2024 Native Plant Sales

Native Plant Sales include low-growing plants like red flowering currant. Photo by Mike Pennington

The 2024 Native Plant Sales are in full swing. While the Clackamas Soil and Water Conservation District doesn’t host a native plant sale, many of our local districts do. And if you don’t get an opportunity to take advantage of one of our local partners’ sales listed below, check out this OSU native plant finder.

Native plants are a great way to beautify your yard, pollinator garden, or hedgerow! While wintertime may seem gloomy, the promise of a new growing season is just around the corner. Now is the perfect time to set your plans into motion. Several of our local area soil and water conservation districts offer native tree, shrub, and plants for sale each year.

Why are native plants an excellent addition to your landscape?

  • Create habitat to support native wildlife including pollinators and beneficial insects
  • Require little to no water after they are established besides good, old Oregon rain
  • Environmentally friendly and require less work for the homeowner
  • Grow happily and heartily in their native soil, reducing the need for pesticides and fertilizers

There are a wide variety of local, native plant species ideal for the Willamette Valley. Many are readily available for a great price from the following soil and water conservation districts.

Yamhill SWCD – Online ordering opens January 1, 2024 for pick up on March 1st and 2nd at the Yamhill Valley Heritage Center in McMinnville, Oregon.

Marion SWCD – Online ordering is open now through February 10th. Pick up orders, as scheduled, at Bauman’s Farm, 12989 Howell Prairie Rd., NE, Gervais, OR on Friday or Saturday, March 1st or 2nd.

Clark Conservation District (WA) – Online pre-ordering is open now. Pick up location is at the CASEE center (11104 NE 149th St., Brush Prairie, WA) on Saturday, February 17th, 2024 at your selected pick-up time.

Benton SWCD– Online ordering is open now until February 1st or they run out of plants, whichever comes first. Pick up orders at Benton County Fairgrounds in Corvallis, OR on February 24, 2024.

East Multnomah SWCD – Online ordering begins soon. Sign up here for updates.

Polk SWCD – Online ordering is open now. Plant pick up on February 2 & 3, 2024 at 560 N. Oak Grove Rd., Salem, OR.

Washington County Small Woodlands Association – In-person sales on February 10, 2024. Sale will be held indoors at 30780 NW Highland Ct, North Plains, OR 97133.

Sparrowhawk Native Plant Sales – Sparrowhawk provides pop up sales in collaboration with many of our partners and conservation colleagues to provide fundraising opportunities and terrific native plants. Online ordering begins February 25th at 9:00 a.m. Visit their website for more information.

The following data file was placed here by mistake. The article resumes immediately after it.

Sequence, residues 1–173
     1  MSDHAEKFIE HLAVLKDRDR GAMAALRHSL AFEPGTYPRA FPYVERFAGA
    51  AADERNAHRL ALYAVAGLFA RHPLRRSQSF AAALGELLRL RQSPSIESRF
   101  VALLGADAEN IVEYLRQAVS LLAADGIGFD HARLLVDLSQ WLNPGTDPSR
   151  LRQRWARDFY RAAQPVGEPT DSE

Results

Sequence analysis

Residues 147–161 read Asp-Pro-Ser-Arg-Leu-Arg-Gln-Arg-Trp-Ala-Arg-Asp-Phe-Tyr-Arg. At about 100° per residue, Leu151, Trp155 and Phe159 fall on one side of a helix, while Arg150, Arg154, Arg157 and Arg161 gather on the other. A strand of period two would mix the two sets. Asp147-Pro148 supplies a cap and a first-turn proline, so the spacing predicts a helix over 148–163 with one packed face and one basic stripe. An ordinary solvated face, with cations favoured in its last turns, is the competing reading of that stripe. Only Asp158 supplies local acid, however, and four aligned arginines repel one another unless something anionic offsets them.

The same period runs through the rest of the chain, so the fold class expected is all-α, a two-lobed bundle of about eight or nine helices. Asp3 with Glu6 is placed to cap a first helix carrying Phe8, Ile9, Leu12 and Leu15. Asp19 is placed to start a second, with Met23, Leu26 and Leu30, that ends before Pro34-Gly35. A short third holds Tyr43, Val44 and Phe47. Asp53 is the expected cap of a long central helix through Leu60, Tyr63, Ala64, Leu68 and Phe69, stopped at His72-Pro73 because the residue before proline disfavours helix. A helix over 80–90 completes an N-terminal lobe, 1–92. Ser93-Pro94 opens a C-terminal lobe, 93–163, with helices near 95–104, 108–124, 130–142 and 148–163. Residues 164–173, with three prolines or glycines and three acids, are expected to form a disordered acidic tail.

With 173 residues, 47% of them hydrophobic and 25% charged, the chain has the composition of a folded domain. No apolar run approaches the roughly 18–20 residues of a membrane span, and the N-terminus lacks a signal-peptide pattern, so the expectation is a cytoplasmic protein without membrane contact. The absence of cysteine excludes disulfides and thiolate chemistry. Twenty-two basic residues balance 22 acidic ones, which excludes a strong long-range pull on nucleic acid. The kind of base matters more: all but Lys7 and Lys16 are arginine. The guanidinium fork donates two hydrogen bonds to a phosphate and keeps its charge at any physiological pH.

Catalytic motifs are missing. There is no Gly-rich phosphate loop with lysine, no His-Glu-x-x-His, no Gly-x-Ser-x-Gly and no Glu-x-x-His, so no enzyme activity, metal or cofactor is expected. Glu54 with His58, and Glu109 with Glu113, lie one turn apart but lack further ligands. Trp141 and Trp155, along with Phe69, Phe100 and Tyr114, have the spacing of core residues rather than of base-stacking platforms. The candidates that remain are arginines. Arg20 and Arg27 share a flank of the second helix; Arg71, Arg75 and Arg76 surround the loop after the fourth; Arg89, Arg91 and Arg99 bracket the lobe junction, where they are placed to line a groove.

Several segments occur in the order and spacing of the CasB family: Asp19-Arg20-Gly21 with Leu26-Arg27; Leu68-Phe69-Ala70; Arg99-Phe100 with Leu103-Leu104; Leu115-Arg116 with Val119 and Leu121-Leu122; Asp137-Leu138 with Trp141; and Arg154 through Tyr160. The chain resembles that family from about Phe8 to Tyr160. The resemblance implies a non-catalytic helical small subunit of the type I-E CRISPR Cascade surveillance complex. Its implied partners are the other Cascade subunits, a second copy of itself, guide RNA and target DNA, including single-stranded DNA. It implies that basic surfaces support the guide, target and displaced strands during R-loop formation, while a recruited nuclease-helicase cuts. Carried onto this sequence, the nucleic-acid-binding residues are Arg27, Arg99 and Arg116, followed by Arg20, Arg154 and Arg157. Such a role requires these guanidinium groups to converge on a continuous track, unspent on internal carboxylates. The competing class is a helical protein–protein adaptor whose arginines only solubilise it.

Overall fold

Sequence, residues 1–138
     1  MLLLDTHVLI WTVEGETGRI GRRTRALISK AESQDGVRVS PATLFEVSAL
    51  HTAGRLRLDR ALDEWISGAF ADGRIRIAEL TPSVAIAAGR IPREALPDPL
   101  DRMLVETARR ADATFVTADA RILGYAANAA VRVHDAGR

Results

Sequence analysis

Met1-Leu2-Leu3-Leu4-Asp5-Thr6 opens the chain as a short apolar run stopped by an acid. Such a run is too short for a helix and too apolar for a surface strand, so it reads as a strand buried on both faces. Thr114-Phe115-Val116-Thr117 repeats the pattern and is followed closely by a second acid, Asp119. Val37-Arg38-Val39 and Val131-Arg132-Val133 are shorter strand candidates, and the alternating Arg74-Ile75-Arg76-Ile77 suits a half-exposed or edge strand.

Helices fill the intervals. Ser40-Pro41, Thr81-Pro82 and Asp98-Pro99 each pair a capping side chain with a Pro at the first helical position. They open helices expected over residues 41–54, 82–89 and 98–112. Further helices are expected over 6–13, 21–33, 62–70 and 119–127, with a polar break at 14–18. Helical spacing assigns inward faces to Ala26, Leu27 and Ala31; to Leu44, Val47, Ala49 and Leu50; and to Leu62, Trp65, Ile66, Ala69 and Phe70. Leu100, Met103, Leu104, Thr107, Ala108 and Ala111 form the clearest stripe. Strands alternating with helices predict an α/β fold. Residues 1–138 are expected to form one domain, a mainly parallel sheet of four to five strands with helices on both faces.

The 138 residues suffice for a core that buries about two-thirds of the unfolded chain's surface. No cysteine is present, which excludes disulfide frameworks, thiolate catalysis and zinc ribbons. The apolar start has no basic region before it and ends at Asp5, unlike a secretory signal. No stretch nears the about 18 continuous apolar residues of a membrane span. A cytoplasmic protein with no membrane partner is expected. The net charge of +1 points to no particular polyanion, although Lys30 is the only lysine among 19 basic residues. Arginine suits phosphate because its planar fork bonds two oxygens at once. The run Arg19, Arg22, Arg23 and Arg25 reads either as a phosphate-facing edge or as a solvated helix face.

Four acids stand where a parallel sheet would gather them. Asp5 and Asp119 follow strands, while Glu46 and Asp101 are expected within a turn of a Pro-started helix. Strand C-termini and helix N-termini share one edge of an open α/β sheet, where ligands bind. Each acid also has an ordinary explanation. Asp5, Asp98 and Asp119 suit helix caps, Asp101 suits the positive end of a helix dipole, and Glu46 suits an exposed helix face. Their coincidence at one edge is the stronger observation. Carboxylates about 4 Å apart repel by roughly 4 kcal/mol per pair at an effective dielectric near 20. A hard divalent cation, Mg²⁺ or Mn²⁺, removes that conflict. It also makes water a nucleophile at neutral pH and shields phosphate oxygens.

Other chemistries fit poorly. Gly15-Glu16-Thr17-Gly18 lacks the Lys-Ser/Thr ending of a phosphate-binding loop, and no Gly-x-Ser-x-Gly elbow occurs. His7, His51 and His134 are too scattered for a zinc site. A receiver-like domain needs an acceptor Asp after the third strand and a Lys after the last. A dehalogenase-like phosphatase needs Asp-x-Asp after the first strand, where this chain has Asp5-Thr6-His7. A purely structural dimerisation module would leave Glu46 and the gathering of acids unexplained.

Want to learn more about which native plants are right for your property?

Oregon Grape is both a native plant and the Oregon state flower!

Oregon Grape provides habitat for birds and pollinators and is the Oregon state flower!

The following guides provide excellent information on trees, shrubs, and ground cover for native plants. These natives will thrive here in the Pacific Northwest and will provide valuable habitat for our native wildlife, including pollinators.

Native Plants for Pacific Northwest Gardens

OSU Extension Native Plant Gardening

Native Plants for Willamette Valley Yards

Check out these quick tips for planting success:

  • Match each plant to a specific location on your property according to sunlight, moisture, and drainage.
  • Keep the roots moist (but not in standing water) until planting.
  • Plant as soon as possible and water well. The advantage of winter planting is that the roots have a chance to establish before the hot, summer weather hits.
  • For bare root plants, make sure that the crown (the area where the stem joins the roots) is at the soil level.
  • Dig a large enough hole to ensure that roots are not bent back upwards.
  • When planting a potted plant, make sure the crown is at the soil level, loosen the root ball so the plant’s roots will grow into the surrounding soil, and make sure the hole is at least half again the size of the root ball.
  • Plan on watering plants throughout the first summer, and often if it is a particularly hot or dry season.

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Clackamas SWCD